Fitch said on Thursday that it had downgraded Ghana's debt rating to "B" from "B+" due to concerns over its rising deficit.
Ghana's budget deficit jumped to 11.8 percent of GDP in 2011 from 4 percent, largely due to a high government wage bill and a costly presidential election.
"The authorities continued to overrun on wages, interest costs and arrears, leading Fitch to expect that the government will fail to meet the 9 percent of GDP fiscal deficit target for this year," the ratings agency said in a statement.
Fitch in February downgraded Ghana's outlook from "stable" to "negative," citing the government's announcement that the deficit to GDP ratio in 2012 had nearly doubled from its estimate for the year.
"Policy credibility has been significantly weakened, following two years of larger-than-expected budget deficits," the agency said in today's statement.
The world's second-largest producer of cocoa and Africa's second-largest producer of gold, Ghana has experienced rapid economic growth in the years since oil production started in 2010.
The country's economy grew a staggering 14 percent in 2011 and eight percent in 2012.
But revenue from oil production, at $541 million last year, was about half of what the government had originally been expecting from the sector.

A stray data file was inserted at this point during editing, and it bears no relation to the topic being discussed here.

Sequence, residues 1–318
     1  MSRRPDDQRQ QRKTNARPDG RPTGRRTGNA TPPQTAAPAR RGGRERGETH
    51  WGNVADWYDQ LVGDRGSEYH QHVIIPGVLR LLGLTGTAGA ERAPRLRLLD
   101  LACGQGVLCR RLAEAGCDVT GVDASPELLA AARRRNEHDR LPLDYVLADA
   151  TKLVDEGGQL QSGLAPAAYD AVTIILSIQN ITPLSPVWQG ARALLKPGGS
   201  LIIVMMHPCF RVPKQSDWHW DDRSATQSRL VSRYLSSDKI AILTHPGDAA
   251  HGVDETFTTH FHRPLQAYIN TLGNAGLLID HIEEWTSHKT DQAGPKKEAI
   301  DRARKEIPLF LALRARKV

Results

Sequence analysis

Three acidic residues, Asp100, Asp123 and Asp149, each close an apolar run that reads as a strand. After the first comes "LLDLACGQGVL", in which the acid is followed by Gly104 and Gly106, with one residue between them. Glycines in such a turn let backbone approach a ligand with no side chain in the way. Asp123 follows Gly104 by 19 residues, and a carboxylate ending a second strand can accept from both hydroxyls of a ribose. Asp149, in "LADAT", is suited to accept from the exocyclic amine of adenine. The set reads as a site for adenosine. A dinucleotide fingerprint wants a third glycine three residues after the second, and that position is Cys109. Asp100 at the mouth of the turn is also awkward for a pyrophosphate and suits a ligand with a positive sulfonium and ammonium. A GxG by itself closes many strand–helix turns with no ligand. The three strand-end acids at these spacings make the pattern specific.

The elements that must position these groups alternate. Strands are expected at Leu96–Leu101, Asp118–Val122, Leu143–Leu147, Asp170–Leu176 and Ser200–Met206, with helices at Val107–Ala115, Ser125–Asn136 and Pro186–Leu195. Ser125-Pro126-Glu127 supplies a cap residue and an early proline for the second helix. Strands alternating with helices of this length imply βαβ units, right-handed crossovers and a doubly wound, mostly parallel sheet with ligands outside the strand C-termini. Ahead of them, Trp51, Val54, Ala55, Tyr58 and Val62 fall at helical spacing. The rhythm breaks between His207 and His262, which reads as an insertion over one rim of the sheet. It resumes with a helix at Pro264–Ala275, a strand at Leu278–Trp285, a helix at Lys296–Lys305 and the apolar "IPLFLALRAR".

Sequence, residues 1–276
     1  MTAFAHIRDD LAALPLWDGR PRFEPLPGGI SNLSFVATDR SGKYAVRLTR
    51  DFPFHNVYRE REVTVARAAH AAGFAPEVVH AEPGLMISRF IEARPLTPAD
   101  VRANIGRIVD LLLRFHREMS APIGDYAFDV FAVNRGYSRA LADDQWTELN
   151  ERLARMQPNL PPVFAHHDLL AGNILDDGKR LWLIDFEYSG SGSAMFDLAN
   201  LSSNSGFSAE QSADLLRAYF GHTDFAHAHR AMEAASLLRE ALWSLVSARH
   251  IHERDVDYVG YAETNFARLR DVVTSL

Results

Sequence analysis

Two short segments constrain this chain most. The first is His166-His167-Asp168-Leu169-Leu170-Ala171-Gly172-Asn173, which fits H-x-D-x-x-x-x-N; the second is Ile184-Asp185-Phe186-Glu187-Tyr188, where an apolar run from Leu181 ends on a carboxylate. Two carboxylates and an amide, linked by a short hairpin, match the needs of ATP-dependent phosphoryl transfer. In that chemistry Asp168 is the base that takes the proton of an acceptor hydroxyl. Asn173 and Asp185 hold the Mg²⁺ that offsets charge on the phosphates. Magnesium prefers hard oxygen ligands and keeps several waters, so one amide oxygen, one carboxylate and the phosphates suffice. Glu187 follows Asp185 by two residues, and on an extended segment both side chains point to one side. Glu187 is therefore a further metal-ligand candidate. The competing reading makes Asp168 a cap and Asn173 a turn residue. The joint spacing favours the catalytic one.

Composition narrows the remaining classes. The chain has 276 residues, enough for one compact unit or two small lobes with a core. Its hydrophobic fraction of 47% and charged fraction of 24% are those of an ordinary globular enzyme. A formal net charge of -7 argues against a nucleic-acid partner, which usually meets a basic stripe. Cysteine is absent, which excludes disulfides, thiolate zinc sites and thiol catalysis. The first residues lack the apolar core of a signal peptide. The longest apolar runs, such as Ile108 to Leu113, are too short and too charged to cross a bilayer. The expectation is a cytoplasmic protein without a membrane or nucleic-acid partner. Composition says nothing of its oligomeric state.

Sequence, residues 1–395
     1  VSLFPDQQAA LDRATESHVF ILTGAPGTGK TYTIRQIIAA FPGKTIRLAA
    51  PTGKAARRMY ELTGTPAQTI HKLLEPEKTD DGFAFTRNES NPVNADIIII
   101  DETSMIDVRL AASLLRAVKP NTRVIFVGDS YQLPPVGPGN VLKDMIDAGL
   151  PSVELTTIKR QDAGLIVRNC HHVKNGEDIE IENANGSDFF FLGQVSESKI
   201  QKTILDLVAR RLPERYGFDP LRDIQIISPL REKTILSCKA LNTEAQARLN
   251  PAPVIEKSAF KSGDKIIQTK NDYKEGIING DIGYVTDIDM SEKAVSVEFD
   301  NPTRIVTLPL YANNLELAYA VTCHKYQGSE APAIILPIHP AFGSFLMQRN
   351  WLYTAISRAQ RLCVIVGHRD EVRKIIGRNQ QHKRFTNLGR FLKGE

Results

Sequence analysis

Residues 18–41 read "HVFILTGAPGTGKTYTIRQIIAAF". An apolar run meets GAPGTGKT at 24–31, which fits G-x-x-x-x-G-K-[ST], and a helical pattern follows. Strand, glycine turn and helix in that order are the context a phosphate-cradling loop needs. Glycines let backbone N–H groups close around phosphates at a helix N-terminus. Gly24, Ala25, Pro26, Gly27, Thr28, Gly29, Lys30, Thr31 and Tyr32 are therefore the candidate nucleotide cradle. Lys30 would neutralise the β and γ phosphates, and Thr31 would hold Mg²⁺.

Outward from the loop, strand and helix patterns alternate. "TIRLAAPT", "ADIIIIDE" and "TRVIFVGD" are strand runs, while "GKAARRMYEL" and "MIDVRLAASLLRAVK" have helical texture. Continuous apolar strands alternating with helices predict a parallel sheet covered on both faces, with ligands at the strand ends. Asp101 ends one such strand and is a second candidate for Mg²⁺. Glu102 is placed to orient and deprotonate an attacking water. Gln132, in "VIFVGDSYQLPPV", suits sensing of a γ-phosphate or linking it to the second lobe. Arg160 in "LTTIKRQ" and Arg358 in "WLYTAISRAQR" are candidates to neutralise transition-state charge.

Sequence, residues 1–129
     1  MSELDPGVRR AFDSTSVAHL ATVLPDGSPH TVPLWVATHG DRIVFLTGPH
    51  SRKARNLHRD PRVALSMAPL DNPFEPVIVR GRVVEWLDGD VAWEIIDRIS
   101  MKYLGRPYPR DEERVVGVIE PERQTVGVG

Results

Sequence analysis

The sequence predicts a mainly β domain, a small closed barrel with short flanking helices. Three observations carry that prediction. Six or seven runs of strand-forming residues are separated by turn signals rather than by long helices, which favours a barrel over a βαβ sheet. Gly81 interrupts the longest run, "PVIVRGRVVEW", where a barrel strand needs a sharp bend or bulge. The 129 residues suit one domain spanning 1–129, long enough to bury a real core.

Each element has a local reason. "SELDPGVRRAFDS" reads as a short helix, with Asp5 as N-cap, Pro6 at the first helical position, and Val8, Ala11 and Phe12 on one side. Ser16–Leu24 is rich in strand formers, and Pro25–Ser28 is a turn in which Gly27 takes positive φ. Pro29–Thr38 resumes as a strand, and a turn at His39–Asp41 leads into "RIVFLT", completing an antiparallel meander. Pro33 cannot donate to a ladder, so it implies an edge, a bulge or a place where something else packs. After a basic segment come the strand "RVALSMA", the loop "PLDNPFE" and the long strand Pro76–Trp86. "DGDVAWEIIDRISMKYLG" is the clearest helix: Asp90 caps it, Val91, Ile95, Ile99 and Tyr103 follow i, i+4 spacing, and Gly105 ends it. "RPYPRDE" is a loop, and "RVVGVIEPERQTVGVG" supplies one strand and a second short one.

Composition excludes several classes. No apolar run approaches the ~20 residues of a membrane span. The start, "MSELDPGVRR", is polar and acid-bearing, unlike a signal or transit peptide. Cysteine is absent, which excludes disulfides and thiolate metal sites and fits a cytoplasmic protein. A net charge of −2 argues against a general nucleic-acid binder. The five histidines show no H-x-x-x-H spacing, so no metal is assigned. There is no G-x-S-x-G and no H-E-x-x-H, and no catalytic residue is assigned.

Ghana's finance ministry said that Fitch's downgrade failed to reflect the country's reform efforts, notably in public financial management.
"These are being currently implemented to support fiscal consolidation," it said.
It also pointed to an issue of a Eurobond that had lower interest costs than domestic debt that it used to refinance maturing debt, as well as changes to debt management at state-owned firms.
President John Dramani Mahama was elected last year in polls that were disputed by the leading opposition party and resulted in a lengthy legal battle in the supreme court that ended with the win being upheld.
Fitch applauded Ghana's peaceful handling of the elections and said the government's decision this year to raise electricity tariffs and cut fuel subsidies would help stabilise the deficit.
Fitch said it expects Ghana's GDP to continue to grow at an average of 6 to 7 percent in the medium term. It also predicted that oil production would reach 200,000 barrels per-day by 2017.